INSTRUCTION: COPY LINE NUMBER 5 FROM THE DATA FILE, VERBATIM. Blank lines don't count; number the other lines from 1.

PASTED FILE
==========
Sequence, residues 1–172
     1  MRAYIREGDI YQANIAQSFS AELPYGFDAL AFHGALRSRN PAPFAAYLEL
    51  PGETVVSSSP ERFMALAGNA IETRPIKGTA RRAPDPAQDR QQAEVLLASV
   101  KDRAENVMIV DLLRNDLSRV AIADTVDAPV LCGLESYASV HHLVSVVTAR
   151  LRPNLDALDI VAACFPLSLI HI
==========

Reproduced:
   151  LRPNLDALDI VAACFPLSLI HI